People have successfully set up vermiculture systems in cupboards or under a kitchen sink, in garages or other undercover structures, in a shaded polytunnel or outdoors in a sheltered spot. Depending on the scale of your endeavour, almost anyone can find the space they require to compost in this way.
It is worthwhile considering that vermiculture can also be undertaken as part of an aquaponics system. The worms in this instance are considered to be an additional yield – the worms you breed in the composting system can be used to feed fish, who then fertilise the water in which plants are grown. Scraps from plants that are grown then feed the worms, creating a cyclical and truly sustainable food production system.
Creating a Wormery
When creating or sourcing a wormery, the first thing to decide is whether you are happy to buy one, or would like to make your own wormery. There are plenty of tutorials online which will give instructions to help you make your wormery, should you choose to do so. Often, wormeries have been made using things that gardeners have lying around – old bulk food containers or storage containers, for example, or old bins or lined wooden pallets for a larger system. Before you begin, just bear in mind that worms need to be able to breathe, and require a relatively dark and moist space.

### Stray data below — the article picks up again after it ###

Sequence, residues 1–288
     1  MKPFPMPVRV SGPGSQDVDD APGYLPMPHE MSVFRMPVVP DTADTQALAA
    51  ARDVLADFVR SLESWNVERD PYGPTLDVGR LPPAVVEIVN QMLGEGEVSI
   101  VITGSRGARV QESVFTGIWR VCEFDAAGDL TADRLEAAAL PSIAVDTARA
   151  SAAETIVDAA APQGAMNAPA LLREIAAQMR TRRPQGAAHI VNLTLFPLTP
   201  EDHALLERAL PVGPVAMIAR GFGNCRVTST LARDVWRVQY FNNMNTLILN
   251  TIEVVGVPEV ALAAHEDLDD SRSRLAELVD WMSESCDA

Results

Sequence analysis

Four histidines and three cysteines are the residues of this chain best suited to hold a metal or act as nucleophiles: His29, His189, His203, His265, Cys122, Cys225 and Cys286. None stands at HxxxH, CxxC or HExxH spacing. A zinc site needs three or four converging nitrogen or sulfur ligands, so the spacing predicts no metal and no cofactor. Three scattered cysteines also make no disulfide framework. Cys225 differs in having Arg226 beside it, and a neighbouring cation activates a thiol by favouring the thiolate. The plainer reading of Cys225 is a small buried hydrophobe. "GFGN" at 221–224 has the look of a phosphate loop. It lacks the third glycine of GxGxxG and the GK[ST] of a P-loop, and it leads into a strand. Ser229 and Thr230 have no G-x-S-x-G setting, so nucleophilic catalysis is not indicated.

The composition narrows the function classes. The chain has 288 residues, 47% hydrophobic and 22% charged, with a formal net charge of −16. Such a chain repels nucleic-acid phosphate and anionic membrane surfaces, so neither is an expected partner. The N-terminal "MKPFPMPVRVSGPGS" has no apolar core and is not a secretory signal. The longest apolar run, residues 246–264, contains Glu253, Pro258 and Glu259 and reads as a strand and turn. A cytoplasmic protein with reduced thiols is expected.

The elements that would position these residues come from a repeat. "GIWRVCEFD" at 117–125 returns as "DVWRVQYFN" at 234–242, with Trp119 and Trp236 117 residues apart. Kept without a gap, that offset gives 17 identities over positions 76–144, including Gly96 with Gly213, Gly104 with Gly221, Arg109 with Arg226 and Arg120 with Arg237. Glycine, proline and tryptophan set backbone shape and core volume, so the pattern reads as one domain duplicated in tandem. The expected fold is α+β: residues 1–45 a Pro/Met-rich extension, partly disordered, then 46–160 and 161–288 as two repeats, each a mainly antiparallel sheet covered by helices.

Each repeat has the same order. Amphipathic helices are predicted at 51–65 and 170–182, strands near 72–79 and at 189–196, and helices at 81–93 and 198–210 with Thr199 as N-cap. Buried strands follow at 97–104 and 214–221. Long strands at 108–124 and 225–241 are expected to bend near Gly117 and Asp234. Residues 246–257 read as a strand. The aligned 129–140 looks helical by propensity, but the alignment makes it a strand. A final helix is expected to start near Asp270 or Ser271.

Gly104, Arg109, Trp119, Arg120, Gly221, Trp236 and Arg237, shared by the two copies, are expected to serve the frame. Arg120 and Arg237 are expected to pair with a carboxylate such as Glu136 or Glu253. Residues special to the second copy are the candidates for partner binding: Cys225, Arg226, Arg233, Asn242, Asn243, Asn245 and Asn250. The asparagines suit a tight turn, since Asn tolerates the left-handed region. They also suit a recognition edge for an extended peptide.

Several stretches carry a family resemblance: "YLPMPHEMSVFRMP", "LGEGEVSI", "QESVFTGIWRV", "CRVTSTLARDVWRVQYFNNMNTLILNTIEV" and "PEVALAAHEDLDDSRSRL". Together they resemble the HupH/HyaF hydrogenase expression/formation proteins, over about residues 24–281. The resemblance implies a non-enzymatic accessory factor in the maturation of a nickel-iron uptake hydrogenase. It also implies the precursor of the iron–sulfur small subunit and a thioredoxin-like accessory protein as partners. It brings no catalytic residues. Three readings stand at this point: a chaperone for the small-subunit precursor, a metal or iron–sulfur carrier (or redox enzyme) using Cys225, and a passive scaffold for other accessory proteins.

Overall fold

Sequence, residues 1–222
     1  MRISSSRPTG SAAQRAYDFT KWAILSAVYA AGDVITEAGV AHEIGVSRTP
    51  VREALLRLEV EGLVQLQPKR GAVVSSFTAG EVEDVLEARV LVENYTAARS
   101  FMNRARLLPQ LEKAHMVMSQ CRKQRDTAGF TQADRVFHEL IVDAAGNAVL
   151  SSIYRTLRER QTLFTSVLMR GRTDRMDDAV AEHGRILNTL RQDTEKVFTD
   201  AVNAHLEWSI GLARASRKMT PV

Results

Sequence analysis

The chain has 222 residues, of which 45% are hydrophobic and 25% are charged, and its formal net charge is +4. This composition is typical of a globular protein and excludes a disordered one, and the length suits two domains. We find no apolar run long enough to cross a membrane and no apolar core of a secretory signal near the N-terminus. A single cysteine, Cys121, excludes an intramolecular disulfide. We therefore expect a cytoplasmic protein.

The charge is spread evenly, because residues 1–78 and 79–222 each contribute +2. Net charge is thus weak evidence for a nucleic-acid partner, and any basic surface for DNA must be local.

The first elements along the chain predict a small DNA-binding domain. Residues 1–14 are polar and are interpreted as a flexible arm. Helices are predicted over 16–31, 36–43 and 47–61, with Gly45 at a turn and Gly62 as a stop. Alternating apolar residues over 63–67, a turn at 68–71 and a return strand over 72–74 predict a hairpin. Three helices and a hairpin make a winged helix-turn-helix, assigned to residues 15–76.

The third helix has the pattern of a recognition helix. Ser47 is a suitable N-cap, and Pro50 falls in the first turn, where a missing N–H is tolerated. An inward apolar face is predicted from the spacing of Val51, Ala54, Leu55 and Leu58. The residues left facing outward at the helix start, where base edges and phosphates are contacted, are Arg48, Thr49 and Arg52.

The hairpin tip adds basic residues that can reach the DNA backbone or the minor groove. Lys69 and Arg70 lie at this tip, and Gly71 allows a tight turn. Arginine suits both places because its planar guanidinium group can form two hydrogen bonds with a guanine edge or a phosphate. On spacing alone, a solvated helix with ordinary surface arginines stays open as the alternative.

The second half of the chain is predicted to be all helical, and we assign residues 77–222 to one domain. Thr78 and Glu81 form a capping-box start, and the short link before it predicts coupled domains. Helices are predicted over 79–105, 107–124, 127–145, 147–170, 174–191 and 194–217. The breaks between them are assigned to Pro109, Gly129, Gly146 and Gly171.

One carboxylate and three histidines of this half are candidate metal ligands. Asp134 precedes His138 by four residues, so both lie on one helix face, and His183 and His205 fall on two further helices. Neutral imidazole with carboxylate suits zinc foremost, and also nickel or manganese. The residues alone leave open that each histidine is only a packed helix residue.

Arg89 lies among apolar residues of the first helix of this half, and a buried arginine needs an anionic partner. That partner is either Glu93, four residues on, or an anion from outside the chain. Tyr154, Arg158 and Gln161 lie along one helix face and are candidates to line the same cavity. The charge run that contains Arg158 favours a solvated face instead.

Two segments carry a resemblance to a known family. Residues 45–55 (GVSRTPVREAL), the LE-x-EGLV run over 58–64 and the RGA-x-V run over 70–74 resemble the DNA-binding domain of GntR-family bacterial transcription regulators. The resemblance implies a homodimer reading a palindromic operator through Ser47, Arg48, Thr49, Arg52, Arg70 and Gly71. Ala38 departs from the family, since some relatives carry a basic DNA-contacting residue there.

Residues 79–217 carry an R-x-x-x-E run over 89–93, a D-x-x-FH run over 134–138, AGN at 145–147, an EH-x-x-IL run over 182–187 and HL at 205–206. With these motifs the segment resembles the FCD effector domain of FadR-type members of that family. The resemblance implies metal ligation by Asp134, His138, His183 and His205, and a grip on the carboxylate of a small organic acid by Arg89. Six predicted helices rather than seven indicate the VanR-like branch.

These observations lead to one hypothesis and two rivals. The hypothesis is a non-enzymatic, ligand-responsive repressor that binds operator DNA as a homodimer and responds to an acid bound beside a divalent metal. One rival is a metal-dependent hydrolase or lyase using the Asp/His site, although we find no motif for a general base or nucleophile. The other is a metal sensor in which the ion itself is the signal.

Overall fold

Before you create your wormery, it is a good idea to think about how large it needs to be to cope with the food scraps and other compostable waste that is generated in your home.